Victoria Hannan

Hachette Australia
27 September 2023


Victoria Hannan

A year ago the house had been full of life, of noise, of love. Now there were long stretches of silence that settled between them like a fog so dense it made it hard to see a way out, made it hard for them to see each other . . . He was losing sight of the only thing he'd ever truly been certain about.

Some moments change everything. For five friends, what should have been a birthday to remember will instead cleave a line between before and after. From then on, the shockwaves of guilt, sorrow and disbelief will colour every day, every interaction, every possibility. Each will struggle. Each will ask why. Secrets will be kept. Lies will be told. Relationships reassessed. Each friend will be forever changed. And the question all of them will be forced to ask is: can they ever find a way to live without what was lost?

A raw, powerful novel from the prize-winning author of Kokomo that exposes the ripple effect of grief. With profound insight and a tender heart, Marshmallow shows how quickly the life you thought you had can be shattered forever.


Victoria Hannan is a beautiful writer. Her prose is clean and the world she creates is incredibly clear. Hannan is skilled at dropping you into the middle of a situation and very quickly orientating you with the details: the people, the place and the circumstances.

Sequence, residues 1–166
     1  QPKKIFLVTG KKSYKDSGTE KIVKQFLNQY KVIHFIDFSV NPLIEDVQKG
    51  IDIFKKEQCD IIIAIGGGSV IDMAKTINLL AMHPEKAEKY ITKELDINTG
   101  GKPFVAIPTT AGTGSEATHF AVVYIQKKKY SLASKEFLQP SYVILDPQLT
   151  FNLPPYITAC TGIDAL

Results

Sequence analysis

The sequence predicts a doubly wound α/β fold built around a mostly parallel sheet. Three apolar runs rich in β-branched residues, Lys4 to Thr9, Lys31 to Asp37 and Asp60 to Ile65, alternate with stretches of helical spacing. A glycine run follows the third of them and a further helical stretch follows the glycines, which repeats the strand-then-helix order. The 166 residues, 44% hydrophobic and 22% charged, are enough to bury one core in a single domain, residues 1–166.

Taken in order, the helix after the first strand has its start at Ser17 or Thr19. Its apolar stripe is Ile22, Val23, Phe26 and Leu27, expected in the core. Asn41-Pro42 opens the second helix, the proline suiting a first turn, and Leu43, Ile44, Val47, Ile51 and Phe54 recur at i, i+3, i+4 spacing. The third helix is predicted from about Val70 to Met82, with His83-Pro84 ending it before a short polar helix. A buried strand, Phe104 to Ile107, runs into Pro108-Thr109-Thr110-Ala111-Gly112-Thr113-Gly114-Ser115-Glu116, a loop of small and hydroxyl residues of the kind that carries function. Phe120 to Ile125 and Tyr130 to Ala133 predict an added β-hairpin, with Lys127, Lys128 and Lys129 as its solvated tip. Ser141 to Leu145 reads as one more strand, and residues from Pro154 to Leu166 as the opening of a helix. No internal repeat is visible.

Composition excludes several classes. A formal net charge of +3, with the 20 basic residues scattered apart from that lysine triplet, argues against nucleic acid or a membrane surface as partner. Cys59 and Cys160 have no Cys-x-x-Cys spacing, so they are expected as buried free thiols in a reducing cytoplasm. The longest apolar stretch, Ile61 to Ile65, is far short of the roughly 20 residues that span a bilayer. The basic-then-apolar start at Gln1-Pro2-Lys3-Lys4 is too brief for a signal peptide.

The ‘situation’ in Marshmallow is a sad and slightly frantic one. We are introduced to the lives of five very close, but very different friends, who are still reeling a year on from a horrible accident. Told from the five different viewpoints, with less weight on the grieving mother (yes, if you have a small child be prepared to read about your worst fear), the story skips between the past and the present. What happened a year ago is slowly revealed, as is just how much each of the friends has changed since the tragic death. They are shadows of their former selves, each obsessing, spiralling and sadly not communicating. Their relationships are suffering, some of their jobs are suffering and, most of all, they are suffering. As the anniversary day looms, things come to a head, emotions spill over, fists fly, drinks are drunk and gardens ruined. Though the novel is steeped in sadness and the ever-present guilty feelings of ‘if only’, this is also a book full of life, deep friendship and, ultimately, hope. We can sometimes go through the worst and still come out the other side, perhaps not the same or entirely whole, but still, we can survive.

Hannan writes quiet sadness so well; if you haven’t read her debut Kokomo yet, please do. It is some kind of magic that she manages to pull us willingly through the hardest of situations. I didn’t want to stop reading this book. In fact, I was so greedy to get back to it that I took the tram a number of times instead of cycling to work.

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